A. The — let me refresh my sequence of events that we're talking about. We didn't really become concerned about the denial because I think in my earlier testimony I said that we were seeking reimbursement or protection, either from Federated or from the SUPERB Funding, and when we got the denial and DHEC entered the sites in the SUPERB program, then we weren't too concerned. Then later on when work ceased at the sites then we became concerned a little bit. That is when DHEC told us that in all probability the clause or the denial of the insurance may not be valid. But when we sought to have a conference on that or a hearing on that they said we're going to continue working and so we were satisfied again. . . .
(emphasis added). Depo. of D. Lane, at 177. He also testified that after the claims were accepted for payment by Superb, he "thought everything was taken care of." Id. at 144. He stated that all DHEC's representations were "verbal," and there was "nothing in writing." Id. According to Mr. Lane, DHEC's conduct led to the delay in suing Federated, not any conduct of Federated.
Dilmar's testimony is consistent with the types of correspondence being sent by DHEC. On September 3, 1992, DHEC wrote Dilmar, informing it that the Coordination of Benefits Endorsement "cannot be honored in this state," and demanding repayment of Superb Account reimbursements. Dilmar immediately responded to DHEC's threats by disclaiming any responsibility to sue Federated. DHEC then wrote Dilmar on September 25, 1992, stating:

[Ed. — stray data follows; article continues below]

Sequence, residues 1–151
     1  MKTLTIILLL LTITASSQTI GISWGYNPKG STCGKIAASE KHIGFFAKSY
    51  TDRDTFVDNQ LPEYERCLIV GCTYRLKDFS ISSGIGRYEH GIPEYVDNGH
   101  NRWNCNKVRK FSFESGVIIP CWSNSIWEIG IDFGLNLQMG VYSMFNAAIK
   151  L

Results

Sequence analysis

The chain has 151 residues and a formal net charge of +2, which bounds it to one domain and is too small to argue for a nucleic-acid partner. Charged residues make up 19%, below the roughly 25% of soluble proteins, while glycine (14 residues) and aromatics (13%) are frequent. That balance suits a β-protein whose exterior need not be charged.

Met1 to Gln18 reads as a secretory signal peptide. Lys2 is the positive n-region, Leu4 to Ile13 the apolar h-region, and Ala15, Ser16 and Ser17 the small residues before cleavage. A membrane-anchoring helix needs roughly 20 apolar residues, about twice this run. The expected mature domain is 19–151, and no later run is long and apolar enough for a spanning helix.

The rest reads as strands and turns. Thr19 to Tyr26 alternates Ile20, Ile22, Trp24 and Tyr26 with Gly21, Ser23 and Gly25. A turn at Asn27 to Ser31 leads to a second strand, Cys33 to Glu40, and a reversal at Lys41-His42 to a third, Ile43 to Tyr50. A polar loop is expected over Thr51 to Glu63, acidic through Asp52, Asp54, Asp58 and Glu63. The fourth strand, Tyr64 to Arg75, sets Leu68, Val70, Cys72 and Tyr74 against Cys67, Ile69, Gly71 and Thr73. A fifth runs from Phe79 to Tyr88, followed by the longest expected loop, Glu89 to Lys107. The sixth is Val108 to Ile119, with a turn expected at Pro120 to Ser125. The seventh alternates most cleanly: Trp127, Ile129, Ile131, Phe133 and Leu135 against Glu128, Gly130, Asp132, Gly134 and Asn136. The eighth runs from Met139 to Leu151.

Federated's coverage denial based on the "coordination of benefits clause" for other sites in South Carolina is currently in litigation. The outcome of this litigation may determine the cost recovery actions by the Department and/or Dilmar Oil Company. It may be necessary to enter a subrogation agreement to ensure that SUPERB payments continue; you will be contacted concerning this in the near future.
DHEC never again contacted Dilmar regarding any contemplated actions against Federated. Moreover, the record establishes that DHEC never followed through on its request for a subrogation agreement to protect Dilmar's rights. DHEC simply confirmed that the issue was in litigation, and that DHEC would be contacting Dilmar "concerning this in the near future." Because Dilmar did not wish to pursue legal action against Federated itself, Dilmar testified that it was "satisfied" in believing that "everything was taken care of."
Dilmar's failure to timely file suit simply cannot be attributed to Federated's conduct. Dilmar had ample notice of its rights against Federated, and Federated did nothing to discourage Dilmar from filing suit. Both Dilmar and DHEC knew something should be done to preserve Dilmar's rights, but each deferred to the other until it was too late.